August 22, 2016
Fishing remains one of the most popular pastimes for those who spend time in the outdoors. In fact, more than 33 million Americans said they went fishing multiple times in 2011, according to a U.S. Fish and Wildlife survey released in 2012. And that number is growing all the time. Anyone can take up fishing: kids, senior citizens, and moms and dads seeking more quality time with their children. It doesn’t take great physical skill or elaborate gear to get started, but like any pursuit, the more you learn, the more likely you’ll expand your gear needs. For now, here’s a quick fishing guide for beginners:
Get a license: Check with the local and state agencies that license fishing in your area. Here in Florida, many bait and tackle shops, and some big-box retailers, can issue licenses from the Florida Fish and Wildlife Conservation Commission (FWC). You can also go online at myfwc.com.
Know the regulations: The FWC enforces the bag limits and size limits for harvesting both saltwater and fresh water game fish in Florida. It is your responsibility to know those regulations. These limits protect the fish by allowing them to reproduce. Of course, you can always practice catch-and-release.
Learn knots: You will need to tie line to the reel (arbor knot), the main line to a leader (Albright knot or double uni knot), and the leader to a hook (clinch knot or non-slip loop knot). There are, of course, many more, so you should learn a few good fishing knots.
Catch-and-release: If you are fishing for pleasure and not to put food on the table, you should release your fish as quickly as possible. Handle the fish as little as possible and follow these catch-and-release guidelines.
Target an area: You can fish just about anywhere: shorelines, around bridges, jetties or piers, and from a kayak, boat or paddleboard. Fishy spots vary when fishing in fresh water and saltwater, but generally fish like shelter and a food source, so look for areas where moving water will present prey to a predator lying in wait. Visit a local bait shop or outfitter and ask for a map that shows the local hot spots. But don’t expect them to give away their “honey holes.”
At a minimum, you’ll need a rod, fishing line, a reel, hooks and bait/lures. Each of these pieces of gear comes in various forms and will depend on what type of fishing you’ll be doing.
Rod: Rods can be a single piece or break down into multiple segments for easy transport and travel. The length and flex of the rod can greatly affect casting performance and fish-fighting capabilities.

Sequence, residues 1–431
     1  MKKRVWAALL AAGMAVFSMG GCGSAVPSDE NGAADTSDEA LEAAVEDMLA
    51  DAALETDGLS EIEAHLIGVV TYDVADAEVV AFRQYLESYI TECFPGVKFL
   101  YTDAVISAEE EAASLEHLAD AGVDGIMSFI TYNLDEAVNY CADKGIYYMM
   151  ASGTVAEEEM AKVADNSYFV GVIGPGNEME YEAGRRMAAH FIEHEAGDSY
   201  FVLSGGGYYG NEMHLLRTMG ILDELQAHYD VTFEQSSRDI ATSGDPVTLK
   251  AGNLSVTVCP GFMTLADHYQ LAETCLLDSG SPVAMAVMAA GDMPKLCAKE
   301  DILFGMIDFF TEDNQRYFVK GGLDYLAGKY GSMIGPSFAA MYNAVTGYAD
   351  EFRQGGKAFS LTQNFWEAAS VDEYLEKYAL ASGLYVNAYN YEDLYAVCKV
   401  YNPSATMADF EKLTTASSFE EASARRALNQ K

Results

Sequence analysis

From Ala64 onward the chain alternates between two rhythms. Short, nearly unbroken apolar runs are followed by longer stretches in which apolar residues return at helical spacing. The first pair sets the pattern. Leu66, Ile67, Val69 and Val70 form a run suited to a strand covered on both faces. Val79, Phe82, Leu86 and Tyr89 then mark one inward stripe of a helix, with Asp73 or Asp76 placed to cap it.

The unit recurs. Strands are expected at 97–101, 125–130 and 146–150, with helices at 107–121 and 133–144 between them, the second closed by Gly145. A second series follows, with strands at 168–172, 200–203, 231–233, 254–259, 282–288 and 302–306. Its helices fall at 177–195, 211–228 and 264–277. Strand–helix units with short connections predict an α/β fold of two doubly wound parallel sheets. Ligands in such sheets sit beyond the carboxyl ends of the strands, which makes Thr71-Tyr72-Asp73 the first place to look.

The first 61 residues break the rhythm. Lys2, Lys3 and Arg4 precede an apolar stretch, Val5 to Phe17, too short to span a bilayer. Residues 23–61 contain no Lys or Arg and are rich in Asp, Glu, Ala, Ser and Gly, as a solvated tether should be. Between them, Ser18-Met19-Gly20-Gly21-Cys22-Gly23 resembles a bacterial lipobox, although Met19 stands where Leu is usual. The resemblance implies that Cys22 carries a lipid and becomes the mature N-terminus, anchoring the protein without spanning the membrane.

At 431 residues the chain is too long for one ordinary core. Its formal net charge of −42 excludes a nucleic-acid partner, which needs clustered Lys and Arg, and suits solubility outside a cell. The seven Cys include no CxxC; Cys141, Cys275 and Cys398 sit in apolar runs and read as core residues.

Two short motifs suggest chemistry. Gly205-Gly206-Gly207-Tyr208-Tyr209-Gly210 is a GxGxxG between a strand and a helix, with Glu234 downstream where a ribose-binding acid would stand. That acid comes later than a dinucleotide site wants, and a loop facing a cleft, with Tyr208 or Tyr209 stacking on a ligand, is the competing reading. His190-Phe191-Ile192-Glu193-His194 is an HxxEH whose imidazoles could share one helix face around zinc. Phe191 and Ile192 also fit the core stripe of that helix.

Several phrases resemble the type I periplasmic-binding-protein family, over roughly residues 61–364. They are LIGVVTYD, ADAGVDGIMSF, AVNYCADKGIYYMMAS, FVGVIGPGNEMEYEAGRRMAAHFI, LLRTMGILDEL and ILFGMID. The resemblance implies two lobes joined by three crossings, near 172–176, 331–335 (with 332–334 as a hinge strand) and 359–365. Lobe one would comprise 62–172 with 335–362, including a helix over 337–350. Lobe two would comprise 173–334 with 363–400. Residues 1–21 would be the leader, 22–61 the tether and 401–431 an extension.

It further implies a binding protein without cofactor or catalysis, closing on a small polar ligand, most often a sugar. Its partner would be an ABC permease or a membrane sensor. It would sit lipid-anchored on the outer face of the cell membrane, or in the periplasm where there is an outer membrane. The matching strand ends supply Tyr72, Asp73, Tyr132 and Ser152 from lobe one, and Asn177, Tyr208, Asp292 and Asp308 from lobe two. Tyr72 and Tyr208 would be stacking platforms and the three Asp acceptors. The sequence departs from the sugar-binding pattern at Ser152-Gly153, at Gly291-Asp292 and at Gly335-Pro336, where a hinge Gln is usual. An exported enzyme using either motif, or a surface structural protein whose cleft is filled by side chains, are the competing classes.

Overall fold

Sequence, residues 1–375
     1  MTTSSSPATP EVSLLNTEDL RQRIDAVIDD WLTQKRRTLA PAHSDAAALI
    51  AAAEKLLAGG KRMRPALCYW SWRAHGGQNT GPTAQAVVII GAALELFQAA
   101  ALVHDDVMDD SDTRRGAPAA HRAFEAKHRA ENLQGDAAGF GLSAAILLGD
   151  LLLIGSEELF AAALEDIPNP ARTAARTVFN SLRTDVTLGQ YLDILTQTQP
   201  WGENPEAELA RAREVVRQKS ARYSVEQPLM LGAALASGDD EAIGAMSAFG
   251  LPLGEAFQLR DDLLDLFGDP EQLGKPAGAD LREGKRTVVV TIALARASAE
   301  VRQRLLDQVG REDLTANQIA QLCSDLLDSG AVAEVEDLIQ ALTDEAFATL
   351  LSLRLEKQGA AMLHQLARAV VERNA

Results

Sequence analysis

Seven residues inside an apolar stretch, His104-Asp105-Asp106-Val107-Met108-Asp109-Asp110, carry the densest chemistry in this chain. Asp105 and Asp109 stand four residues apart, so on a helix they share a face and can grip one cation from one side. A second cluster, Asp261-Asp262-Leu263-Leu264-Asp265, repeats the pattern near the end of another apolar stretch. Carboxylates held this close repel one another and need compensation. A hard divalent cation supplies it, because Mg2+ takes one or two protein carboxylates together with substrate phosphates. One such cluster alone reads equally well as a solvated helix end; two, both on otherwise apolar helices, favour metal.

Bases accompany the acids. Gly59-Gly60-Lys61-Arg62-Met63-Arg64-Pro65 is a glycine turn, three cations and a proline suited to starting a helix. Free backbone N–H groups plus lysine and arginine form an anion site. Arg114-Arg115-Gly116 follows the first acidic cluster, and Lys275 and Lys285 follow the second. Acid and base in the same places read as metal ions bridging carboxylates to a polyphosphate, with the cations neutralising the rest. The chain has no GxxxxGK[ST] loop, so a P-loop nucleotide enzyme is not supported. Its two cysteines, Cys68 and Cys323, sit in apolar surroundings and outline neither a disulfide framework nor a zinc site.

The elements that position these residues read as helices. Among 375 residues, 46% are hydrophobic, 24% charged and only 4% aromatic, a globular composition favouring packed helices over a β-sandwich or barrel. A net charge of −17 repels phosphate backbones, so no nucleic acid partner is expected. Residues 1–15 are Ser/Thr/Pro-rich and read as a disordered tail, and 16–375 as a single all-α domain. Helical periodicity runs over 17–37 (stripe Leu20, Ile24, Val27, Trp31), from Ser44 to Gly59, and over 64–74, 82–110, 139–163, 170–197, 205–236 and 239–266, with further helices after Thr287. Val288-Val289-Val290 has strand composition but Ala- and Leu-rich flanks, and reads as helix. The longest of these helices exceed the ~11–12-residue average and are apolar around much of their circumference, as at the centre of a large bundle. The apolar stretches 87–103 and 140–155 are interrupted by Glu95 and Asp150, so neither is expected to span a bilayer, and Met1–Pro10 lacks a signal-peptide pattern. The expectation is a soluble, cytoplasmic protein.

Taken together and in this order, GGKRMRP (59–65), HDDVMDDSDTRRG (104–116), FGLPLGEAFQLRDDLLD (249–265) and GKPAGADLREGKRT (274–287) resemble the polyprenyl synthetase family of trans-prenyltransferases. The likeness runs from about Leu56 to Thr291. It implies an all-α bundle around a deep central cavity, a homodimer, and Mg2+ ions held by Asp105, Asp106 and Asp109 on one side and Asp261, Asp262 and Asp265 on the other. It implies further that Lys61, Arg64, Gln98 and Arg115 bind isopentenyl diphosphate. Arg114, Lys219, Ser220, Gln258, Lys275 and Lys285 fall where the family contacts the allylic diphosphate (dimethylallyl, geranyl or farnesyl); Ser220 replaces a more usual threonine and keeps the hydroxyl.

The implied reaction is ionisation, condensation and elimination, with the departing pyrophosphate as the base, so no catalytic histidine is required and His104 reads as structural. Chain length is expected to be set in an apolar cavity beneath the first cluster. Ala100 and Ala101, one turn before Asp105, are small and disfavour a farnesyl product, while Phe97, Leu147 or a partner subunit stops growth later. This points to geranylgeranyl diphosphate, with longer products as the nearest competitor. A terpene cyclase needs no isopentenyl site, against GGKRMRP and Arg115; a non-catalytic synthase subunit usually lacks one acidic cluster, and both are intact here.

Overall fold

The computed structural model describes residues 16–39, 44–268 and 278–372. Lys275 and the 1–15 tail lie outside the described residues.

Fishing line: Line comes in varying strengths and types. You want to use the right type and size line for the species you are after, so consult a bait shop or outfitter for the best match.
Reel: Your reel holds, releases and recaptures the line. There are many types of reels; spin fishing, bait casting and fly-fishing reels are very different from each other. A reel with an adjustable “drag” system can increase or decrease the resistance on the line when fighting a fish. A reputable outfitter can show you which ones will work best for the type of fishing you’ll be doing.
Hooks: Again, there are many sizes and shapes, and certain ones work best in specific situations. For example, a live bait hook is designed to hold a small baitfish and allow it to swim. A hook for fly-fishing will have feathers tied to it to imitate baitfish.
Bait/lures: This takes many forms. After all, you have to fool the fish into eating something. Bait can be smaller live fish. A lure can be a hand-tied fly, or a hard or soft artificial lure. Talk to the experienced anglers and outfitters about which baits and lures work best for the species you are after.
You don’t need a lot of knowledge or equipment to have fun fishing, but with some patience, perseverance and trial and error, you’ll soon be posing for photos with a big one.
Bill Jackson’s Fishing Shack boasts experienced associates who fish every spare moment and who can give you information on fishing Florida’s fresh and saltwater environments. We specialize in saltwater fly-fishing, and offer free fly-tying classes each week. We also offer instruction on fly-casting with professional instructors for a modest fee.